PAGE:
Tuesday, March 29, 2011

When Wikipedia won't work!

A new technology, the Kindle, has taken me to some old novels, as I have said, and Hamlin Garland's Preface to his Son of the Middle Border had taken me to his friend and mentor William Dean Howells, 15 books for 99¢.  Now I've begun "The Rise of Silas Lapham" (1885).  First was "Indian Summer" (1886), which was first in the Kindle set, published the year of my grandfather Phillips' birth.  I became very eager to see whether "Indian Summer" got anyone married by the end of the book; with Howells, it is by no means obvious.  But I was brought up short when his characters, near the opening of Silas Lapham, riding behind a fine horse, took turns looking around the dashboard to observe the horse's gait.  Dashboard?  I know what that is on my Toyota Echo and what it was on a Model T Ford, for that matter, whence it is the name of that handy Utility in the Dock of my Macs and in turn an option at the top of my blogspot New Post page and the name of the page that gathers all my blogging stuff conveniently so that I can see, e.g., my latest stats and wonder why my Opera Nobilia (only a few months old) has had nearly 800 hits and this Essays not quite 400.  I'm always surprised that there are so many for either, but quite happy about it.
Anyhow, Wikipedia won't tell me what a dashboard was in 1885 or when the word was introduced.  I went through three pages of hits.  It did tell me everything about its use in software!  I went to my "Shorter Oxford English Dictionary on Historical Principles" (in two volumes, 1973), a 'gift' that made buying five books in one year from Book of the Month Club not too onerous.  It is a wonderful dictionary.  The word dates from 1859, and I visualized it pretty well: 'a board or leathern apron in the front of a vehicle, to catch the mud thrown up by the hooves of the horses...' (whence for motor vehicles, as we know it, but on the very early ones, for which you had to wear dusters, very much as for the hooves, except that it was for the tire-treads).  I'd have to go to the whole OED for an explanation of why 'dash', unless it's that the word in architecture, dashing roof waste and water away from the wall, was adopted, if that is the older usage.  An interesting word that I'd never wondered about before.   As when Hamlin Garland forced me to consider what the Golden Gate looked like viewed from the hills before there was a bright red-orange bridge (1936).  And that paint: is it the kind of paint that in his novel Howells made Silas Lapham develop and make his fortune from?  My impulse anyway was right: reading literary fiction between the administrations of Lincoln and Wilson is most rewarding.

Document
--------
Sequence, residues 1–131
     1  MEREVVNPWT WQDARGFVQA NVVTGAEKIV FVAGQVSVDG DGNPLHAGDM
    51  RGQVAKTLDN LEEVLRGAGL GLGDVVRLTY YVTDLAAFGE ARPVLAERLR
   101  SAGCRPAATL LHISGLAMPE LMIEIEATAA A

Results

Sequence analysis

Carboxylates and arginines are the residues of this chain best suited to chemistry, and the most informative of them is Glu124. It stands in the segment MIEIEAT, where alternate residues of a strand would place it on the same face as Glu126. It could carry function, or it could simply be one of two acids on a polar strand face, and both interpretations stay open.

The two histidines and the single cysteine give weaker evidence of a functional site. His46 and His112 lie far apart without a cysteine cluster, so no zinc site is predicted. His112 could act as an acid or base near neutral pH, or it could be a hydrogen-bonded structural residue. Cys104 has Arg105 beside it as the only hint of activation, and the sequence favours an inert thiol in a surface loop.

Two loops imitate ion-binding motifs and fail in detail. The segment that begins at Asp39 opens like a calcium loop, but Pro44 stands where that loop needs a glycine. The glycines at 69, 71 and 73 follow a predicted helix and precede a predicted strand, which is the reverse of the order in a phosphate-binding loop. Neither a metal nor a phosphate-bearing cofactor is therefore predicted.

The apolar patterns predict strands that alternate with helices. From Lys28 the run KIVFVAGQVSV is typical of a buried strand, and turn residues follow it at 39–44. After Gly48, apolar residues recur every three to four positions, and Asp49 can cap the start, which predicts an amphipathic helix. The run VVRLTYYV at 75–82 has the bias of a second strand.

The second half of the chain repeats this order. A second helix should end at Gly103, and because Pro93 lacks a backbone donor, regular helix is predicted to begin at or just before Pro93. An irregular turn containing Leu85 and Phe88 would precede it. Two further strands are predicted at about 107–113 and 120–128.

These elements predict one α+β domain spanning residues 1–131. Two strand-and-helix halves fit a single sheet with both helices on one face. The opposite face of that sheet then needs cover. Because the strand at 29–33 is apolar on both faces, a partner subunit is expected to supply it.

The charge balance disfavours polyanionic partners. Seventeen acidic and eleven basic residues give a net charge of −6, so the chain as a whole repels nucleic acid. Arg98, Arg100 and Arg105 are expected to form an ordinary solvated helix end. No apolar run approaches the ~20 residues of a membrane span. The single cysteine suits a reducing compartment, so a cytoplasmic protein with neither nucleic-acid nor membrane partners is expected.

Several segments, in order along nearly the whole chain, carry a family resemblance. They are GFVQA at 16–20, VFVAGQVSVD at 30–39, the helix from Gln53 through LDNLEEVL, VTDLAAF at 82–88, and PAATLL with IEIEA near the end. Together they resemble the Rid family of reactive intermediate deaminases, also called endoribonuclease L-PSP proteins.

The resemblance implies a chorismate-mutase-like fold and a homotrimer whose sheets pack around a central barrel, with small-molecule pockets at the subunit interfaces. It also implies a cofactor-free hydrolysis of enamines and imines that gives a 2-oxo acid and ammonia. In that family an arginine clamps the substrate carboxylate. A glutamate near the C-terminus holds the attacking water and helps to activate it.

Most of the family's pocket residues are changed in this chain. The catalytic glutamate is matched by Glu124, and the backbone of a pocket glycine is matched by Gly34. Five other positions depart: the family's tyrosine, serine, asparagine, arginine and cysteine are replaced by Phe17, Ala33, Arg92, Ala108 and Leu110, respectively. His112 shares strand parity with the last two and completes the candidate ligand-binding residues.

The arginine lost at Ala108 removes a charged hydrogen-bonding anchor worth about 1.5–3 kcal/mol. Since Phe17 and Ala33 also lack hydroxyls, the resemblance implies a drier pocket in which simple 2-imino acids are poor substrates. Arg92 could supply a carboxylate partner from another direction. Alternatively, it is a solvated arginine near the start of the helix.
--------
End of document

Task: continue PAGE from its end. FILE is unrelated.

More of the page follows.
Wednesday, March 23, 2011

Just one month later.

23 March 2011.  No more tulip magnolias; the tree will be green until late autumn.  And I lost my wager that the rose would bloom by the equinox (it does have plenty of buds).

Having begun documenting the blooming sequence at this latitude (about 31° N.) and on the Gulf of Mexico (well, just where the continental shelf ends and from here south is alluvial), I thought I might post a couple of snapshots, since the light was very good.  My English friends are better art photographers of nature than I am, but if you live in North Dakota you can take these as a promise of Spring to come.
23 March 2011.  The young orange tree is next door.  It has several oranges still (the rest having been picked)  and if you know where to look at lower left you can see a bee collecting nectar.  Anyway, here are the kind of buds and blossoms that, made by hand, are used on brides' veils.

Sunday, March 20, 2011

Postscript to Hamlin Garland

Green Forest is in the north of Arkansas.  She was a teacher.
I have now finished reading A Son of the Middle Border, and I am in no way disappointed.  The section we were assigned to read in class in the late 1940s was from his boyhood; the book takes us through the Chicago World's Fair of 1893.  I'll see if I can find some more of his work, but that this book is a classic, and not only for midwesterners and not only for Americans, there can be, I think, no doubt.